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‘Dokuro’ Review – That’s One Brave Bag of Bones

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Unrequited love is a theme you don’t see much in videogames. Far too often games will deal with a sappy romance, or no romance at all. Admittedly, it’s tough to really capture that feeling, but some games can pull it off with grace.

Enter Dokuro ($1.99) — a game about a former skeletal minion that has a change of heart, and decides that he wants to break a captured princess out of her cell. It’s a game that certaintly has a lot going for it based on the premise alone, but there are a few holdups along the way.

Dokuro is an action platformer through and through. The titular character can jump, move left or right, and attack with his bone mace at the touch of a button. Despite the fact that all of the contextual actions are done with a virtual pad, it all works quite well, as split-second decisions aren’t necessarily the most important part of the game.

Dokuro 1

But this dark little adventure is a puzzle game as well, as you’re tasked with leading the princess through a set of intertwined levels from left to right. She’ll follow you slowly across bridges and terrain, so long as she has floor to stand on. Sometimes that might mean lowering a platform or two or clearing out a few enemies, but either way, the gameplay is generally the same throughout. Boss fights and other arena-like confrontations also help break up the action, although those portions are few and far between, sadly.

One of my favorite things about the game is that progress is basically seamless. As you complete each stage, the next will immediately start in sequence — eliminating a lengthy “end of level" placard. It keeps the pacing on point, and the added ability to skip 10 stages in total through the campaign is a cool feature. You’ll slowly grow to really appreciate these features too, because the game’s 150 levels can feel like a slog.

Dokuro runs the risk of dragging on in the beginning, but once you get the potion that can morph you into a handsome prince, it picks up a bit. At the touch of a button our hero can transform from skeleton to dashing young man, both with their own advantages (the human form can pick up the princess and fight with grace, and the skeleton can double jump, and is generally more nimble). It’s a really cool mechanic that not only feels unique gameplay wise, but it also adds to the story and the overall theme of the game, as the princess swoons over the prince, and quickly forgets the tiny little skeleton — because she literally can’t see him.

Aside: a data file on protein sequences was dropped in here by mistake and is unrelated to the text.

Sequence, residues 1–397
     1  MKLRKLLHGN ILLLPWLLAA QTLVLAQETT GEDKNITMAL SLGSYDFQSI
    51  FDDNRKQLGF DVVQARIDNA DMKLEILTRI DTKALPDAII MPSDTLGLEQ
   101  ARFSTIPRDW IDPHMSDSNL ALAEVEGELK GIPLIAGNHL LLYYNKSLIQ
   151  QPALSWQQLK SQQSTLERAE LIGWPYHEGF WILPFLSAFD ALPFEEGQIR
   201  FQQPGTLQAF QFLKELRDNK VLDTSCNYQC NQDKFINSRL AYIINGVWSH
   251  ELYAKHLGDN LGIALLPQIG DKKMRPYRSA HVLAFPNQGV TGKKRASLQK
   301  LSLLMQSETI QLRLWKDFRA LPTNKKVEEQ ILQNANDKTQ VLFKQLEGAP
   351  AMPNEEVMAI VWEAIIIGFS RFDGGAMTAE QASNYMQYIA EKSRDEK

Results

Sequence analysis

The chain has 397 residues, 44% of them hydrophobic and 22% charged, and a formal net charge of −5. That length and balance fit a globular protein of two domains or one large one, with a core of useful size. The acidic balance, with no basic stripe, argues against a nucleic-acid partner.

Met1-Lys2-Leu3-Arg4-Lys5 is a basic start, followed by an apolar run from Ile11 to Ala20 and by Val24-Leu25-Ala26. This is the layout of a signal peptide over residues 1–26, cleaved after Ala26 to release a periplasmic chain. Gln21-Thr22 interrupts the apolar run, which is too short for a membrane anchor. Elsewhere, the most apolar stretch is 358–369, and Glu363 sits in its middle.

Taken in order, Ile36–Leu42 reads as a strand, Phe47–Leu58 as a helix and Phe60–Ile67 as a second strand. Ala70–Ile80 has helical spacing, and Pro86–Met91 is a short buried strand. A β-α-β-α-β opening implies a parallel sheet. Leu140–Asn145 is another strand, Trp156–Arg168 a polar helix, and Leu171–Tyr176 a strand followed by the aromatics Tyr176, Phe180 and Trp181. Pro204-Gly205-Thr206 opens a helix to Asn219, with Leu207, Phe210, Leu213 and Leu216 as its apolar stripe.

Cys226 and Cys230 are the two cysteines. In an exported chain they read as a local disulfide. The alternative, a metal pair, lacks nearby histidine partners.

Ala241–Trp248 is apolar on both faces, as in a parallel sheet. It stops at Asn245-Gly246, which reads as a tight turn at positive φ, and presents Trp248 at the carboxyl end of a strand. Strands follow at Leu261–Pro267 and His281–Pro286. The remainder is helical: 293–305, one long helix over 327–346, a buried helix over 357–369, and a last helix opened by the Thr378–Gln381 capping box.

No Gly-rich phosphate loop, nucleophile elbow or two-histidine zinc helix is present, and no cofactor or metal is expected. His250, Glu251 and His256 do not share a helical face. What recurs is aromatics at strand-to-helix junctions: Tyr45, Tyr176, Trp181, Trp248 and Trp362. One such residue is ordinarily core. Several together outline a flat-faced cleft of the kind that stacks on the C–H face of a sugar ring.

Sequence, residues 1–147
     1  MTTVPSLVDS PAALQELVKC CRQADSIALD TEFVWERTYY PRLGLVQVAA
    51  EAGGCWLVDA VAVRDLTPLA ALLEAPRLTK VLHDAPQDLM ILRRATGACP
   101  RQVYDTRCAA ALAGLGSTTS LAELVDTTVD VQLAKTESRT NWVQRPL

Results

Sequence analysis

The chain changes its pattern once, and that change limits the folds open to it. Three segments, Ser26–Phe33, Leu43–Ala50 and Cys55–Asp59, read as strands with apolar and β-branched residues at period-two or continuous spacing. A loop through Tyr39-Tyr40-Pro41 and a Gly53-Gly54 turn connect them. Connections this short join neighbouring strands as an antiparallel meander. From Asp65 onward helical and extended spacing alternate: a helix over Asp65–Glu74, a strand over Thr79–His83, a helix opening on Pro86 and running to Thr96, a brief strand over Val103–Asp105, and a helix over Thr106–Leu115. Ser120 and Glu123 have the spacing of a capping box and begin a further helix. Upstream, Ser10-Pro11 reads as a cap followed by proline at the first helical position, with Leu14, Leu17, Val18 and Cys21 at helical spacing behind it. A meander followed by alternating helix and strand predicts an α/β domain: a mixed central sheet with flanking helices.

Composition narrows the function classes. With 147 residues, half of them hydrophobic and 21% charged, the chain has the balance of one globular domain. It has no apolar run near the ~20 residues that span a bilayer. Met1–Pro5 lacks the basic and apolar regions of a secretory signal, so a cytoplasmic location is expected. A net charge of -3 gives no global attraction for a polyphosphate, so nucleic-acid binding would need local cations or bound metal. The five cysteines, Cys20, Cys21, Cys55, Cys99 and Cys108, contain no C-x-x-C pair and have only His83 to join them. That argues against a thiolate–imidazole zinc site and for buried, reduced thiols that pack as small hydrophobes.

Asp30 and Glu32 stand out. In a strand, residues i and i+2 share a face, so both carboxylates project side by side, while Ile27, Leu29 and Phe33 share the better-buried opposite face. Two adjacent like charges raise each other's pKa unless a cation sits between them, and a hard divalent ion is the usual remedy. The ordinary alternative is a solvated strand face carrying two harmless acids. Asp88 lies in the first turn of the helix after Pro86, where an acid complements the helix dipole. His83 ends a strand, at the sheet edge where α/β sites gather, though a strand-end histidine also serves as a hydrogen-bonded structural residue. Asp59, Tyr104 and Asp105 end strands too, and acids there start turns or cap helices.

Dokuro 2

Beyond these conventions, chalk comes into play throughout the game in three varities — white, which can connect certain objects in the environment — red, which can ignite flames — and blue, a chalk type that grants the ability to create water. Like the core levels before each new chalk concept, these three mechanics can far overstay their welcome, as there are too many stages that rely far too heavily on them. Rather than mix things up every set or so, Dokuro will instead throw the same repetitive concepts at you over and over — making this the perfect game to take a break from every so often. It doesn’t help that the chalk controls in particular need exact precision to pull off, even on a mobile screen.

Everything has to go right in Dokuro‘s puzzles, with nary a checkpoint in sight. Having to work through almost 30 minutes for a stage that involves 30 moving pieces, only to have it all apart at the last second is infuriating. It’s tough, because so many of the game’s concepts work as intended — but for every awesome “eureka" moment, there’s a moment of pure disgrace and frustration involving one tiny nuanced or broken puzzle.

Dokuro is occasionally dry and occasionally frustrating, but it has an endearing art style and plenty of bright spots. Given the obtuse nature of some of the puzzles, it’s perfect for “stop and go" play, and thus, suits the nature of the mobile platform quite well. If you enjoy getting stumped to the tune of action platformers, Dokuro is your huckleberry.

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